Understanding Addiction

Addiction is nothing new, as we can see from the above quotation, in which the biblical writer paints a hauntingly accurate picture of the devastation caused by alcohol addiction. Alcoholism, drug addiction, and addictive behaviors affect every group at every level in our society. In the United States, one out of four people has a parent, child, or sibling who is addicted. In 1995 the National Institutes of Health estimated the economic cost of alcohol and drug abuse at over $240 billion.

Lost productivity, illness, premature death, and health care expenditures are all part of this picture, as are costs associated with motor vehicle accidents and with crime and incarceration. The emotional and social damage is immeasurable. Abuse of alcohol and drugs disrupts personal development, relationships, and families, corrupting the very fabric of society. Addiction to nicotine is a problem of massive proportions, and the difficulty of shaking that habit is familiar to millions. Behavioral addictions include pathological gambling and sex and compulsive overeating.

Most of us are affected, directly or indirectly, by addiction or its consequences on others.

We are familiar with the image of the skid row wino and the strung-out junkie, but addicts don’t usually look or behave like that; they are more likely to resemble your nextdoor neighbor. They are often accomplished people, and many have achieved fame. In recent years, public figures have become more open about their problems with addiction.

Betty Ford, the wife of former president Gerald Ford, struggled with alcoholism, then dedicated her life to establishing an addiction treatment center. Golfer John Daly also talked of his problems with alcoholism, as did the baseball hall of famer Mickey Mantle before his death from the physical consequences of addiction.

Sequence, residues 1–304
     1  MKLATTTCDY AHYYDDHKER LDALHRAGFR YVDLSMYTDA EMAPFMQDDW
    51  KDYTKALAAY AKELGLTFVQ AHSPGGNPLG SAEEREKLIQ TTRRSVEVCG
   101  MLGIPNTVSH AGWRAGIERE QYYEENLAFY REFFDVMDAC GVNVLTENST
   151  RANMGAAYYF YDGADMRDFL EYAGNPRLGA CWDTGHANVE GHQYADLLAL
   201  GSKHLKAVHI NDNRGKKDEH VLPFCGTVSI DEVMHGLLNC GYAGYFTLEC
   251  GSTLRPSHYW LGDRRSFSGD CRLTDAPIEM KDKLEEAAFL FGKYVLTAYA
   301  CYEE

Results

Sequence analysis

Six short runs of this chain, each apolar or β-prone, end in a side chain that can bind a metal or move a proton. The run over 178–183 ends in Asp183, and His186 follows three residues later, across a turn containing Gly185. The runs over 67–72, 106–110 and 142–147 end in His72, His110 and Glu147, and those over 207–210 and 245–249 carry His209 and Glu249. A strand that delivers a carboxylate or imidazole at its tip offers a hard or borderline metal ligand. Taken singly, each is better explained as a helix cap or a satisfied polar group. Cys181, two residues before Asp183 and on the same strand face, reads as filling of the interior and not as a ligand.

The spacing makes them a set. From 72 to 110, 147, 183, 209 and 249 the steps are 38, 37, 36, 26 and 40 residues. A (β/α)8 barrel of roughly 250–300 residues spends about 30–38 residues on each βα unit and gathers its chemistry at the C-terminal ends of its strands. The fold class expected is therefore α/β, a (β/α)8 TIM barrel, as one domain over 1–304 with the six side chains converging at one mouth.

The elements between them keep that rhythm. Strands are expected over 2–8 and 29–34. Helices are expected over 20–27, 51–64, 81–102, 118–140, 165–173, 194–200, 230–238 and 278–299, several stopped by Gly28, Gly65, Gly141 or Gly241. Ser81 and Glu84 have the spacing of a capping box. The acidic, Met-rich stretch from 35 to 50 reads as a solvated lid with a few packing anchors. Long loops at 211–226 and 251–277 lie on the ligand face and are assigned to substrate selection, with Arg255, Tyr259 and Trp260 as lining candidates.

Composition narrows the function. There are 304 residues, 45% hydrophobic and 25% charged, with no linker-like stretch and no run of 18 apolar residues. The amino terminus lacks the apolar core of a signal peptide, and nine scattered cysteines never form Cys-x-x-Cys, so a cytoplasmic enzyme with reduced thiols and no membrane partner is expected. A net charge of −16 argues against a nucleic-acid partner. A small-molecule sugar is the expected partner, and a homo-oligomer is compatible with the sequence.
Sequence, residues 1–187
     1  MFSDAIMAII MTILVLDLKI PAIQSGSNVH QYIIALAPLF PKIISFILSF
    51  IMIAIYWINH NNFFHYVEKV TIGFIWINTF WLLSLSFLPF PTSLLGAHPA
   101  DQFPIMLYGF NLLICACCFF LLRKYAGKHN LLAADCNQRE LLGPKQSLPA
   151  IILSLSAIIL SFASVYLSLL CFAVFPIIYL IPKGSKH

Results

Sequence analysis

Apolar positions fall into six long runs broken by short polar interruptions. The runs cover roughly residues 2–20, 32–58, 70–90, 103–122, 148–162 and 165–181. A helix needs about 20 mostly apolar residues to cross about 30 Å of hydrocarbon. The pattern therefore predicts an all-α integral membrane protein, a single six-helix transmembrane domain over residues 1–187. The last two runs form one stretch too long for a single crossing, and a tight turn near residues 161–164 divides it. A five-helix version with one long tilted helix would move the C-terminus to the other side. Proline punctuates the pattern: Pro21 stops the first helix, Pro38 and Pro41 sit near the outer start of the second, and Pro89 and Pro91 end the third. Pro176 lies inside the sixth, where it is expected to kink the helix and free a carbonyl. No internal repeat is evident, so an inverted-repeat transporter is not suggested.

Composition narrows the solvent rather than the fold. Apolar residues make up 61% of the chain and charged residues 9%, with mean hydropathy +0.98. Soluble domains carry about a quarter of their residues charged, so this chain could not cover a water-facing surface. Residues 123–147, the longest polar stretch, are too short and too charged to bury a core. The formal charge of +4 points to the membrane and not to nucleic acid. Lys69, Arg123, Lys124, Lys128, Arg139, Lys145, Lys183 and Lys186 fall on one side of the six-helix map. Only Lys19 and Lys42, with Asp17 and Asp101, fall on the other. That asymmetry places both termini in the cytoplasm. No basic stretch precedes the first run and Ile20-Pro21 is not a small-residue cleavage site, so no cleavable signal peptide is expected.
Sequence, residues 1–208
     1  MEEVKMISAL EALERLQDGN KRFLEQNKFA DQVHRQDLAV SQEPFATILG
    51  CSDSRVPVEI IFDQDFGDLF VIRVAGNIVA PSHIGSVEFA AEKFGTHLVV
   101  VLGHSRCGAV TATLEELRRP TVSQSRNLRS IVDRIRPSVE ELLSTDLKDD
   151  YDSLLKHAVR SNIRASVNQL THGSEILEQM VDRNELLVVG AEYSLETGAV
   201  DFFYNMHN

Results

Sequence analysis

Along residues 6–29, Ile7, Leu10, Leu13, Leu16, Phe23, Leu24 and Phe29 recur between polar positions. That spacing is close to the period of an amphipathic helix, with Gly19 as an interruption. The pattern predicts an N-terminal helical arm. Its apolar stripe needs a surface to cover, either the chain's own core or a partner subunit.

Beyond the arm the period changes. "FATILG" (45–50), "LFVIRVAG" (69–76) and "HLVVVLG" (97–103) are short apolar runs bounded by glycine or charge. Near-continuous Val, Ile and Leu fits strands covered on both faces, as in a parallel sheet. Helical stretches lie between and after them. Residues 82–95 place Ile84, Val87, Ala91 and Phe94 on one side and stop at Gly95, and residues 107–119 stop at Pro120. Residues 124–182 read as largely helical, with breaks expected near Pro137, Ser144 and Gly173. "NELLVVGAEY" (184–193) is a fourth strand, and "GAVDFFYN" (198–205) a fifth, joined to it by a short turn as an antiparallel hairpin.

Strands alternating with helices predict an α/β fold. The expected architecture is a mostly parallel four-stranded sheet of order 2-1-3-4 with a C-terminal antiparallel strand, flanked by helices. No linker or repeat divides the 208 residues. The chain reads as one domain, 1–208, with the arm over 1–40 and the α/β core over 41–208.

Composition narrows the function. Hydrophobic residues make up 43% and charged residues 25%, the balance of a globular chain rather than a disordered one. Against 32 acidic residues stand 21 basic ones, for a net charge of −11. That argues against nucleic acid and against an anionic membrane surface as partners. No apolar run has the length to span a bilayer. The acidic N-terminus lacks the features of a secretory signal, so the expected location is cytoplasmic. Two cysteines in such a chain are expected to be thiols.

Our knowledge of the biology of addiction has grown tremendously in recent years. We have learned that the addicted brain does not function normally and that it is impossible to separate the brain’s biological function from a person’s psychology and will. Clinicians who treat addiction know that there is no one perspective or approach that is correct. Recovery for addicted people and their families involves physical healing, behavioral changes, relational reconciliation, and psychological and spiritual growth. This section brings those various aspects together to provide the reader with a useful working understanding of the problem of addiction and a basis for continued learning.

As a practicing psychiatrist and addiction specialist, I believe that arming the patient and family with information about an illness is essential for success in treatment. It is wise to know your enemy. In this section, I will attempt to provide a comprehensive overview of the problem of addiction from several perspectives, including that of the addict, the addict’s family, and the treating clinician. As you learn about addiction, you will find that there are no simple answers and no routine cases.

I begin by answering the question “What is addiction?” When does casual use become something more? How much is too much? Why are some people able to drink socially and maintain control, while others become alcoholics? Why can’t the alcoholic or addict just straighten up and exert some will power? How is it that some people can just put it down while others continue to the point of destruction or death?